What to do about weeds
Published: Saturday, May 1, 2010 at 6:01 a.m.
Last Modified: Wednesday, April 28, 2010 at 11:02 a.m.
While teaching a class for commercial pesticide applicators recently, I began with the observation that a weed is a plant out of place.
A few days later, when walking by a Florida Friendly landscape, I was reminded of this when I spotted a patch of mimosa vine. Although this plant appears in the University of Florida's book "Weeds of Southern Turfgrass," it is gaining popularity for bedding areas because it is drought tolerant, it spreads and it produces an interesting purple flower. In turf it is a weed, but in mass plantings, it can be a very desirable plant.
Weeds have various factors that influence when they appear. Some perform well in cool weather, while others are seen only during the hot summer season. Those weeds which grow in one season and develop seeds for next year are annual weeds - winter annuals or summer annuals.
Still other weeds are more permanent in nature, either with a two-year life cycle - biennials - or longer - perennials. Consider that trees are perennials as their life cycle is longer than one year. Could it be that trees that volunteer in plant beds where they are unwanted are actually perennial weeds?
As we think about weeds, control is usually the point of interest because in addition to their unkempt, unsightly appearance, weeds compete with desirable crops for nutrients, water and space. Moreover, weeds harbor pests and sometimes have toxins that are detrimental to landscape plants. Left unchecked, weeds produce vast amounts of seed that will make their appearance next spring in even greater numbers. The weed life cycle has four primary stages, emerging first as a seedling, which are small delicate plantlets emerging from seed; second vegetative, a period of fast growth, where stems and foliage are produced; third seed production, where the plant's energy is directed to the production of seed, and finally maturity, where seed ripens and the plant itself has little or no growth or movement of water and nutrients.
Given this background, summer annual weeds are beginning to emerge in plant beds as small delicate plantlets. As a strategy, it is important to realize that you always will have some weeds but the goal is to minimize the number you have. It is important to control those you have as early as possible, before they have a chance to steal nutrients and water from desirable plants and, with an eye toward next year, before they have a chance to flower and set seed.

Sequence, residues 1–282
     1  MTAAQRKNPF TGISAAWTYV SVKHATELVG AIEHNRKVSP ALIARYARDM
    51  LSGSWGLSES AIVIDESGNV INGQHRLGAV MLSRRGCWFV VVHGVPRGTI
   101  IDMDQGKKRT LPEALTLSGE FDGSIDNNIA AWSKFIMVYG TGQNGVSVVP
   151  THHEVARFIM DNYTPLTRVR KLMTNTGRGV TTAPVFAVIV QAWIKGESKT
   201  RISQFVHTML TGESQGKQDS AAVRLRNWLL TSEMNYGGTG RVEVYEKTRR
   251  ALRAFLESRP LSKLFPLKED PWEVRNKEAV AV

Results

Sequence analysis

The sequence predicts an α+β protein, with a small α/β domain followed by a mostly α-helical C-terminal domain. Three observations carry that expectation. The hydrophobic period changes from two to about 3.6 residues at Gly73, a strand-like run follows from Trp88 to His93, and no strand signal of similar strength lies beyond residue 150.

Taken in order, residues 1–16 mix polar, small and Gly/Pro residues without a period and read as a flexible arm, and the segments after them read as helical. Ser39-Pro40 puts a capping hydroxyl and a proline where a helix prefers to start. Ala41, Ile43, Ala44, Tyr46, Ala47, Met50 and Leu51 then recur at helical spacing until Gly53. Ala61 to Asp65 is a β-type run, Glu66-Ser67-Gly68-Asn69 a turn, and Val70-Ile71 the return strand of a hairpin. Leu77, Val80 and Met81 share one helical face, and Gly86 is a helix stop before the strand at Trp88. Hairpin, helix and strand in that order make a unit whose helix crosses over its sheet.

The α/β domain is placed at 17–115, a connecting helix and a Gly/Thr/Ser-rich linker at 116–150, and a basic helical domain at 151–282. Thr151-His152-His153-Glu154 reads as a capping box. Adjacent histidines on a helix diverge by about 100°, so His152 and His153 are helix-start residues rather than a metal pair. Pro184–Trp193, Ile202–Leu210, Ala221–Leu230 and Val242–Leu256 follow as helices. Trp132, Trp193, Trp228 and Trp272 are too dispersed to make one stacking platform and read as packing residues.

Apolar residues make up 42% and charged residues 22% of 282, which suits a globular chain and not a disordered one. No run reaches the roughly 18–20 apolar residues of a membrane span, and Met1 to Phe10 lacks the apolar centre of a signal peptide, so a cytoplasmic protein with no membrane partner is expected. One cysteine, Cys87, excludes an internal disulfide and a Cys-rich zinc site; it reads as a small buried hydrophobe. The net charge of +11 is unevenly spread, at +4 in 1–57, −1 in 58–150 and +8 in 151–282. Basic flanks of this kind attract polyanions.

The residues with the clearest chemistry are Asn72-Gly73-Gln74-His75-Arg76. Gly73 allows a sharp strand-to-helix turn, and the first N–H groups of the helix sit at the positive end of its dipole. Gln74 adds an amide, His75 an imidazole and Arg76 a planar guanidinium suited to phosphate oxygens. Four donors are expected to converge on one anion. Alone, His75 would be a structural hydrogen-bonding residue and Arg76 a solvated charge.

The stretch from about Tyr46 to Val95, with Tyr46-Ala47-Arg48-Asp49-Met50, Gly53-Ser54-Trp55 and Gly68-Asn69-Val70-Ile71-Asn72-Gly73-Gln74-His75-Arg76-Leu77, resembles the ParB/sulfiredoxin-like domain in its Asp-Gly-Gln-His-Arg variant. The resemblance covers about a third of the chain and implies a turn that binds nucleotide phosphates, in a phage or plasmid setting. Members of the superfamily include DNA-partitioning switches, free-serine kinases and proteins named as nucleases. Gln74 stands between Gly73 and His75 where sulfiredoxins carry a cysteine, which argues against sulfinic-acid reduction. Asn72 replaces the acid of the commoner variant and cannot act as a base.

Because chemicals are often the quickest and least laborious way to get rid of weeds, people often seek this first as a solution to weed problems. However chemicals are hard on the environment, they are expensive and there are limited choices for use by home gardeners. In reality, chemicals are often the last resort for weed control.
The simplest option for weed control is removal by hand, something that gives immediate gratification. This option also has drawbacks in that it is labor intensive, monotonous, in some cases all of the root must be removed or the weed may sprout back and stooping to weed can be hard on the body.
As these first two options are often unacceptable, a third possibility - cultural controls - presents itself as an attractive alternative.
In implementing cultural controls, first, try to cover as much of the bare ground as possible, either by growing the desirable plants thickly or covering any exposed areas with 2 inches of mulch to prevent opportunistic weed seeds from sprouting in bare soil.
In some cases, weed mat can be installed during the initial planting as a further guard against weeds. Next, scout for weeds and remove them as early as possible to insure they don't have a chance to root and, more importantly, seed.
Finally, be sure weeds are controlled in areas adjacent to the plant bed by conducting regular mowing or string trimming, so weed seeds don't have an opportunity to blow into the desirable bedded area.
As a gardener who often deals with weeds, I find myself thinking of a verse in scripture that declares "the poor you shall always have with you." It occurs to me that the same could be said of weeds. The secret to minimizing them is to scout for them often and to control them early.
David Holmes is Marion County extension director. Contact him at firstname.lastname@example.org.